Garth Peacock
Welney Widlife Trust Norfolk


Romania Day 4 - 11th June 2019

Thursday 18th July 2019

Romania Day 3

Tuesday 9th July 2019

Romania Day2

Monday 24th June 2019

Romania Day1

Friday 21st June 2019

Great Grey Shrike and others

Thursday 6th June 2019

The last ten days or so

Sunday 26th May 2019

Good weather at last

Friday 17th May 2019

5 days of not a lot

Saturday 4th May 2019

Week ending 26th April 2019

Monday 29th April 2019

The last couple of weeks or so

Wednesday 17th April 2019

Wales - Day 5

Monday 15th April 2019

Wales - Day4

Thursday 11th April 2019

North Wales - Day 3

Tuesday 9th April 2019

North Wales - Day 1 and 2

Sunday 7th April 2019

March so Far

Wednesday 13th March 2019

The last seven days

Monday 18th February 2019

The last two weeks of January

Wednesday 6th February 2019

Wildfowl Week

Monday 21st January 2019

Slim pickings for a month.

Monday 14th January 2019

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Monday 22nd October 2018

There are several classes of birder. The 'twitchers' that chase around to see as many rarities as possible to add to their lists, the 'patch workers' that concentrate their efforts on working a local patch and do an excellent job by informing the rest of us about local sightings, the general birders, general birders that also take photos to record what they see, and pure bird/wildlife photographers.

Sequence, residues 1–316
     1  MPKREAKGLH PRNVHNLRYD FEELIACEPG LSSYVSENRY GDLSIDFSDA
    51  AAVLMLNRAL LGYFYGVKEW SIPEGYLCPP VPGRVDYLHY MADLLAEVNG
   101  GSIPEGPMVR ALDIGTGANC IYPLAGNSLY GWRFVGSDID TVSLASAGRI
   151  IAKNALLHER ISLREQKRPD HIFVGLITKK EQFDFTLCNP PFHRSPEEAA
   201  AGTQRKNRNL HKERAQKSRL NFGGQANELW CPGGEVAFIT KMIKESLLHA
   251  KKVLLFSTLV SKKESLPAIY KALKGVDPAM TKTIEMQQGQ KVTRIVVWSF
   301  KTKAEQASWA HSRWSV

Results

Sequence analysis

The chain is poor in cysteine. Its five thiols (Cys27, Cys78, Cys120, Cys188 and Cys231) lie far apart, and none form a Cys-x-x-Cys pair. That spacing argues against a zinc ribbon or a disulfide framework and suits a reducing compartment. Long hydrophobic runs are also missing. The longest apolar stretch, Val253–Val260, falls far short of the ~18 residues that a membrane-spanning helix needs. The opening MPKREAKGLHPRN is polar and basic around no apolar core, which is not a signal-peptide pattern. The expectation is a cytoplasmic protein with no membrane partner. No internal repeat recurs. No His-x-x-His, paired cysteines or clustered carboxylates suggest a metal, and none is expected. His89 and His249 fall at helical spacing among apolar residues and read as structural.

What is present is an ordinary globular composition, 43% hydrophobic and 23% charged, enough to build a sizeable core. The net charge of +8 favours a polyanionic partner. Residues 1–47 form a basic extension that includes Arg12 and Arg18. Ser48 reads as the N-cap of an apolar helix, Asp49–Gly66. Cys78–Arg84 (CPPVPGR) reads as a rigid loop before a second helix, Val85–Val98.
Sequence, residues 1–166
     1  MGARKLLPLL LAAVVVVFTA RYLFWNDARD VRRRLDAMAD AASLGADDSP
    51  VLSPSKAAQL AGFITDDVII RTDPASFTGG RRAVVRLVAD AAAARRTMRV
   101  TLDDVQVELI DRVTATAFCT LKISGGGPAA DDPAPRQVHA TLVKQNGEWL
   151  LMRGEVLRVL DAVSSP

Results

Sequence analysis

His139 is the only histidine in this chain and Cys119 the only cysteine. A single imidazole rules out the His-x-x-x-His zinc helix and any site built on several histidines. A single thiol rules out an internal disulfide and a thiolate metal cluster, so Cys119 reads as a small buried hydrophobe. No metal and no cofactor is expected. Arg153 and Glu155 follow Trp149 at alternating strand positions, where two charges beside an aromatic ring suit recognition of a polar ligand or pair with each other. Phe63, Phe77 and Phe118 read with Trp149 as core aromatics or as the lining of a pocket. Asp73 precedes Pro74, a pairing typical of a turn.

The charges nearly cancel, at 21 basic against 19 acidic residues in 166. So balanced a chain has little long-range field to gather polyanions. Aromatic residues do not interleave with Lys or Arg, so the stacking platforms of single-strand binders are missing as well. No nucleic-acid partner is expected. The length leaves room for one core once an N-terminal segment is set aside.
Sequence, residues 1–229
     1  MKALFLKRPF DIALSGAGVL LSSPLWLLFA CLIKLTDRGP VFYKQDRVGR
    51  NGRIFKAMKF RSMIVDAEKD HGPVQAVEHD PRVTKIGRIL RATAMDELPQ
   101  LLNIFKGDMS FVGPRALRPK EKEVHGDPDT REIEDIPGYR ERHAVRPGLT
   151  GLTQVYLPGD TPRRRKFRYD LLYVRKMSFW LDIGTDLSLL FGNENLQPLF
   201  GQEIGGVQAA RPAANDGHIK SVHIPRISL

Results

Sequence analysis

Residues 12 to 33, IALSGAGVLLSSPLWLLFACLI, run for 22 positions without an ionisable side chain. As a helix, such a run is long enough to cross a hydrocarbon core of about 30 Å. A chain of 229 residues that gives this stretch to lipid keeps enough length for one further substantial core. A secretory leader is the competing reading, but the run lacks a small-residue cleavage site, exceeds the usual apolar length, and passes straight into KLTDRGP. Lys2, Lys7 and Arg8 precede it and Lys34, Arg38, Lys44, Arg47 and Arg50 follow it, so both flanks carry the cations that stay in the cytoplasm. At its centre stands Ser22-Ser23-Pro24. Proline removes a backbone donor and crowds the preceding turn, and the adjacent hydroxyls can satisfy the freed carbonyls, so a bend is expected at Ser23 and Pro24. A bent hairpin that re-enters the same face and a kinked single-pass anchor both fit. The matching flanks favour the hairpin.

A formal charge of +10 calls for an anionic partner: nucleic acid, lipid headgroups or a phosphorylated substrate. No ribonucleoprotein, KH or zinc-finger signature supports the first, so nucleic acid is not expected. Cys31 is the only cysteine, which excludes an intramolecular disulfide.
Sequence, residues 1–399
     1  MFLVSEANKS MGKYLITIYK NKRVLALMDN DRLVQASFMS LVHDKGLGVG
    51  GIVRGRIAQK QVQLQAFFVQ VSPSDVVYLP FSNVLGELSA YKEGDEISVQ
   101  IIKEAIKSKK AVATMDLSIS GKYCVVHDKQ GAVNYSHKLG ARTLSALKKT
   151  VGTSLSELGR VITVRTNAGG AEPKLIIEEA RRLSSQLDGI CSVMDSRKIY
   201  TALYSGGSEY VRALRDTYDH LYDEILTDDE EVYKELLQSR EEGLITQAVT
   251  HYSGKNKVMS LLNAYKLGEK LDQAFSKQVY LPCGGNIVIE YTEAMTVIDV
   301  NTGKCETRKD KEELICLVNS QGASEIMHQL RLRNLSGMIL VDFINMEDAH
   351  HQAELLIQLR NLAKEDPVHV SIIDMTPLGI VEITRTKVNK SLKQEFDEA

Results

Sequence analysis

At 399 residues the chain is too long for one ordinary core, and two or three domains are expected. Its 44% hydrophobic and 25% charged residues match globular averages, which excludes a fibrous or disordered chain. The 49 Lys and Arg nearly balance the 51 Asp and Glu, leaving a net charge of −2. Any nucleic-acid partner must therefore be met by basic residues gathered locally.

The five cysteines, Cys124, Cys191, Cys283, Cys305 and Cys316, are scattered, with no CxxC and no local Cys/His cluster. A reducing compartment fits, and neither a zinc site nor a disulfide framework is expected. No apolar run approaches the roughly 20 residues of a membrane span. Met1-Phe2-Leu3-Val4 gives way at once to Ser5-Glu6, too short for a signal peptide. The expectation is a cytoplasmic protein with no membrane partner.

When I first started this interest, it rapidly became clear to me that just seeing something and ticking it off on a list would not satisfy my needs.

At the time, when considering the options, a friend asked me whether I would get more enjoyment from a long-distance record shot of a rare bird, or a really good shot of a common bird. The latter was my immediate choice and so bgan the the expensive merry-go-round of new and increasingly expensive kit every so often. I place myself firmly on the latter category.

Last Thursday, with reasonable weather, and another day tidying up the garden not at all attractive, I suddenly decided, about mid morning, to throw the gear into the car and spend some time at nearby reserve at Welney. No great expectations which was just as well.

Welney is famous for it's winter gathering of Whooper Swans that have migrated from summering in Iceland and other arctic regions. There were a few present but not the usual number as the recent south-westerly winds had held back many of our wintering migrants. Apart from that, there were usual common suspects so, once again, it was time to try to improve on my stock photos.

First were Greylag Geese that were flying around.

with loads of Canada Geese

An interesting shot of a drake Mallard showing off it's tonsils (if birds have any, that is!!!)

A few Mute Swans occasionally took to the air instead of their usual activity of just swimming looking pretty.

and a rarish sight for me, a juvenile flying around.

Finally, a couple of shots of the Whooper Swans.

So another day when reasonable quality shots of common stuff had to satisfy me. Still, after all that, I really look forward to getting a decent shot of something different for a change!!!